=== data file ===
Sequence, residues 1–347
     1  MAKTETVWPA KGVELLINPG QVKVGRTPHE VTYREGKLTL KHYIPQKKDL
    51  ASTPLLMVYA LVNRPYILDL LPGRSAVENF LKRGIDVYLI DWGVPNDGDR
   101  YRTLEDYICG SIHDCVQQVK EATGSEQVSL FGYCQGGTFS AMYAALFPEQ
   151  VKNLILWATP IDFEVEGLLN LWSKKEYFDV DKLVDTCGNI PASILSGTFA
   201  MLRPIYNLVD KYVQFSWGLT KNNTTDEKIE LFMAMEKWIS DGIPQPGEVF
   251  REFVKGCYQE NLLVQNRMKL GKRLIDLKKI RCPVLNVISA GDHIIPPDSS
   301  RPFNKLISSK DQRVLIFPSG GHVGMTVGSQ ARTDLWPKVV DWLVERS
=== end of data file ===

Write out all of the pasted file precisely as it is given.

Sequence, residues 1–347
     1  MAKTETVWPA KGVELLINPG QVKVGRTPHE VTYREGKLTL KHYIPQKKDL
    51  ASTPLLMVYA LVNRPYILDL LPGRSAVENF LKRGIDVYLI DWGVPNDGDR
   101  YRTLEDYICG SIHDCVQQVK EATGSEQVSL FGYCQGGTFS AMYAALFPEQ
   151  VKNLILWATP IDFEVEGLLN LWSKKEYFDV DKLVDTCGNI PASILSGTFA
   201  MLRPIYNLVD KYVQFSWGLT KNNTTDEKIE LFMAMEKWIS DGIPQPGEVF
   251  REFVKGCYQE NLLVQNRMKL GKRLIDLKKI RCPVLNVISA GDHIIPPDSS
   301  RPFNKLISSK DQRVLIFPSG GHVGMTVGSQ ARTDLWPKVV DWLVERS